“California legislators are poised to vote this week on a pair of bills that would help renters and low-income communities go solar,” reports the San Francisco Chronicle. “But the bills have encountered stiff resistance from some utility companies, which call them unnecessary and expensive.”
“While California homeowners have been installing solar systems on their rooftops at a rapid clip, renters don't have that option. So one of the bills, SB 843, would allow renters to buy electricity from solar systems located elsewhere.”
“Another piece of legislation, AB 1990, tries to bring solar power to poor communities, particularly those suffering from high levels of pollution. It would order the state's utilities to buy electricity at a guaranteed price from solar systems located in those communities, as an incentive for solar developers to install systems there.”
Pacific Gas & Electric Co. and Southern California Edison are opposed to both bills, saying that, “SB 843 would require the utilities to buy large amounts of electricity from the new, renter-subscribed solar facilities at a price the utilities consider too high...AB 1990, meanwhile, largely duplicates the state's existing feed-in tariff program, [and] wouldn't guarantee that solar companies hire local workers in disadvantaged communities.”
While it might be easy to vilify PG&E and SCE for taking these positions, it’s worth noting that as far back as 2008, Wired, reporting on the top 10 utilities for solar power, said “As you might expect, Los Angeles’ utility, Southern California Edison, leads the list, followed by San Francisco’s Pacific Gas & Electric Company.”
And summarizing and commenting on a report that examined consumer adoption of solar panels and was prepared by NYU Stern School of Business and the Yale School of Forestry & Environmental Studies this past May, RenewableEnergyWorld observed, that “52% of participating consumers installed solar panels for financial reasons. If the majority of customers are trying to save money on their electric bill, many may first look to their utility for answers. PG&E may be on the right track in California.”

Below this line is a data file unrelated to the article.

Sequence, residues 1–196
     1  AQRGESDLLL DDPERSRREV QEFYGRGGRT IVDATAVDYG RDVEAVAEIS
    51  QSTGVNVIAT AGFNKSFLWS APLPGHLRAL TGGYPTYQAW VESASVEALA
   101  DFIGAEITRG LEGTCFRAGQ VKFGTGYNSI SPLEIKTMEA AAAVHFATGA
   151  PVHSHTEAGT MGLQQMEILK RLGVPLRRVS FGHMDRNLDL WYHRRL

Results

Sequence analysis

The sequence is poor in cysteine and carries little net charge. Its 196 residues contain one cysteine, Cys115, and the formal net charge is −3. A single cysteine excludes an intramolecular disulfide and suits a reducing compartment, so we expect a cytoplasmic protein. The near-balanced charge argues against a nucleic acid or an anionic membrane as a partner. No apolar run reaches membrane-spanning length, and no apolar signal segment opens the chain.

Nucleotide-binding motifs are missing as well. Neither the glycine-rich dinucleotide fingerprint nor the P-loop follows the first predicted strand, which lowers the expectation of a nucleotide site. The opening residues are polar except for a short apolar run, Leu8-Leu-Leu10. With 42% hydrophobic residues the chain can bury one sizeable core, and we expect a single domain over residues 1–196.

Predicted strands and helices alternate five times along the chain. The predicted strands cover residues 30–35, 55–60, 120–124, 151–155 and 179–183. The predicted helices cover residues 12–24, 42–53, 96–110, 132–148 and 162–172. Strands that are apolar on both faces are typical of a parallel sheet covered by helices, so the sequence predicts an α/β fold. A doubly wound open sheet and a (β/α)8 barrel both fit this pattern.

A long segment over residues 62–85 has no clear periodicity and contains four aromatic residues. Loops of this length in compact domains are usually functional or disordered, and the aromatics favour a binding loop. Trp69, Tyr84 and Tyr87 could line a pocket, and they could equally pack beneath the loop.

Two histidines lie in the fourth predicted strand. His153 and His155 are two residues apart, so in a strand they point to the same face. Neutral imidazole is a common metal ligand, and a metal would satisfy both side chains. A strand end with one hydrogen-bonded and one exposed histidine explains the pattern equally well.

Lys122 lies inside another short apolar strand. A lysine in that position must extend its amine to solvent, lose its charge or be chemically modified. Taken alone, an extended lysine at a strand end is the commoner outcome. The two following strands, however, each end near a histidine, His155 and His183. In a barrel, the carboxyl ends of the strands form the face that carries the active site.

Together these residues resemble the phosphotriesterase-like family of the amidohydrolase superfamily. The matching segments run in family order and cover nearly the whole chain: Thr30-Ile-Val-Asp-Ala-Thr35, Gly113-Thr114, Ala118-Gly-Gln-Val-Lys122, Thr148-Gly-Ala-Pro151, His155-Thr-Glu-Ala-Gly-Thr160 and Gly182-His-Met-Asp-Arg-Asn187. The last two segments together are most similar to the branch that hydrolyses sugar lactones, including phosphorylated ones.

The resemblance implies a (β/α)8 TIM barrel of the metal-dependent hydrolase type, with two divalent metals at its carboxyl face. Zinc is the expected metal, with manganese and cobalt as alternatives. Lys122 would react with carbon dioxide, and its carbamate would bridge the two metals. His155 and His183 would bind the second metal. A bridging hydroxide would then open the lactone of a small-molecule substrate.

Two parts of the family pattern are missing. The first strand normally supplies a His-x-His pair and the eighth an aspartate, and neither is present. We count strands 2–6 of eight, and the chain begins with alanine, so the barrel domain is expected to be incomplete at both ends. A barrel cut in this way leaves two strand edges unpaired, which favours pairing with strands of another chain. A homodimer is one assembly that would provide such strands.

“As a decoupled utility, PG&E actually benefits when its customers use less energy or go completely off-grid. The company recently invested $61 million in SolarCity and $100 million in SunRun, another solar leasing company. Despite being a decoupled utility, PG&E still gains a hefty profit each year of around $16 billion.”
Another article by RenewableEnergyWorld made comparisons between the changes now occurring with the utility companies and those that arose with the development of our cellular network. “When cellular telephony became mainstream, landline connections were not entirely cut off. Though usage has dropped, we still keep the connections. Similarly, even with widespread photovoltaic deployment, we will maintain connections with the classic grid. We need centralized generation from concentrated sources for large factories and railroads, and wired delivery at the consumption points. Substitution will not be complete and the utility architecture will stay in place.”
They go on to observe that, “In the face of transformative change, electric utilities face a lackluster future. They will lose usage and customers to renewable solutions, and they already have. But they might have a significant opportunity in a related area—the management of the information network linking millions of distributed generation points...It might lead to an alternate or smarter grid managing millions of customers and their rooftop generation and usage.”
Wherever it leads—and whatever the fate of AB 1990 and SB 843 may be—it’s clear that utility model we’ve known is a thing of the past.
Do you think the big utility companies are doing enough to promote and support renewable energy?
Lawrence Karol is a writer and editor who lives with his dog, Mike. He is a former Gourmet staffer and enjoys writing about design, food, travel and lots of other stuff. @WriteEditDream | Email Lawrence | TakePart.com